|Everything You Wanted To Know About LotR
Author: AzureSkye23 PM
...But were too afraid to ask. Important information about the works of J.R.R.Tolkien. Helpful for anyone who wants to write a good LotR story, but doesn't know the legends and stories behind it. Co-written with CrackinAndProudOfIt.Rated: Fiction K+ - English - Chapters: 12 - Words: 20,370 - Reviews: 50 - Favs: 34 - Follows: 21 - Updated: 08-20-12 - Published: 02-15-12 - Status: Complete - id: 7839797
|A+ A- Full 3/4 1/2 Expand Tighten|
Everything You Wanted to Know About LotR
...But Were Too Afraid To Ask. The ins and outs of the fandom.
I'm AzureSkye23. I'm a sophomore in college, studying history. I read the Hobbit around age 8, and didn't like it all that much. I read the Lord of the Rings at age 10, and fell in love. That was the extent of my knowledge about that universe until last year, when I read the Silmarillion. Since then, I've read the Unfinished Tales, the Narn I Chin Hurin, reread the Hobbit (and liked it better), and am working my way through the History of Middle Earth series. I have been reading fan fiction for three years, writing it for close to a year.
Hey, there! I'm CrackinAndProudOfIt, or Crackers, for short, and I'm one of those weird people who are obsessed with words, meaning that reading and writing are my passions. It's only natural, then, that my love for the works of J.R.R. Tolkien, which I've possessed since reading The Hobbit for class several years ago, has spilled over into a niche for writing fanfiction based off of these beloved stories. I love the historical background of Middle-earth, so The Silmarillion is something I know lots about. I'm not a professional at writing, only somebody who wants to help out my fellow fanfic authors as much as I can.
So, I know I have about two sentences to convince you to read this fic. The truth is, both Crackers and I are rather obsessed with the works of JRRT, and love to read and write. Too many seem daunted by the complexity of the legends that Tolkien came up with, and thus don't read The Silmarillion or his other complementary works. So, we decided to write this, to try and give some basic knowledge that any self-respecting author needs to know to write well in this fandom.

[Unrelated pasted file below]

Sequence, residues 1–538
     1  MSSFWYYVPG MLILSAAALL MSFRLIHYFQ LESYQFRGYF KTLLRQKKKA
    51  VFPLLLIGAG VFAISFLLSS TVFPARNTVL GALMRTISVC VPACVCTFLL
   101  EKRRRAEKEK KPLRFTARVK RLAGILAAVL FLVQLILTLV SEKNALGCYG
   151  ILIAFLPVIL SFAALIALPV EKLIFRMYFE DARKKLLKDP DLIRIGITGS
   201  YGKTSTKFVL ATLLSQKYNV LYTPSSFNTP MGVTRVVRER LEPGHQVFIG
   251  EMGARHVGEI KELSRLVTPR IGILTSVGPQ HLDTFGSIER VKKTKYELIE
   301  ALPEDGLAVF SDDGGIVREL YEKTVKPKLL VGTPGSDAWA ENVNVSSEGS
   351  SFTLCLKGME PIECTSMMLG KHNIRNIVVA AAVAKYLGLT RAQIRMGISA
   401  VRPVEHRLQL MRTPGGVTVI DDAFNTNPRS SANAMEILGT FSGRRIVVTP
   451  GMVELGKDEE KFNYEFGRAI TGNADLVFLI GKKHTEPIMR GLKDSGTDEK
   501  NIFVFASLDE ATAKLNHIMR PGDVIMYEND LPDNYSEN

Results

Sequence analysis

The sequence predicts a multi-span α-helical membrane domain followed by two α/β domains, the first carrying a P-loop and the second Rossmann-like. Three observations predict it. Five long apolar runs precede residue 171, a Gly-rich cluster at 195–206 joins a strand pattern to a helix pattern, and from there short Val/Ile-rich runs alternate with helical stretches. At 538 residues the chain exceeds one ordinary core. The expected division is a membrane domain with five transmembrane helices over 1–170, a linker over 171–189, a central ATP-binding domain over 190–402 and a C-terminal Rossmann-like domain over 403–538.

*Self respecting* That's the key. I've noticed a rather odd trend; it seems like people no longer care about what they write. They don't want to know about the characters, or the story, or the world, or anything. They just write stuff that has no bearing on the actual story besides names (and sometimes, not even then) and is poorly written with no attention paid to style or grammar. If you're going to write something like that, just change the names and go publish it over at fiction press. If you struggle with grammar, or places, or political circumstance, or history, there are wonderful people called Betas who will be happy to help you. Both Crackers and I Beta, if you need someone to do so, you can PM either of us, or there are long lists of others. But please, get the assistance you need before you post your stories.
You're so right, Skye! There's something to be said for writers who care about their work enough to take the time and effort necessary to make it the very best they possibly can. It only makes sense to do so, to my mind: Why write if it doesn't matter to you? If it doesn't matter to you, why post it online to share with the world? If one is going to take the time to create stories based on Tolkien's writings (or anyone's writings, for that matter) and put them on a website like our dear FFn, why wouldn't they want to craft work to be proud of, that other people will read and enjoy for its quality?
Well, after reading a paragraph of obnoxious rhetorical questions from Crackers Truly, you're probably wondering what it all means and what point I'm trying to get across. Maybe, if you're one of those genuine writers I mentioned, who wants to work to make their stories the best they can be, you're even wondering how to go about doing so. Skye has already mentioned the Beta-factor, which is very important, useful, and beneficial, but there is something even more basic that a fanfic author can do on his or her own to make their story a thousand times better: respect canon.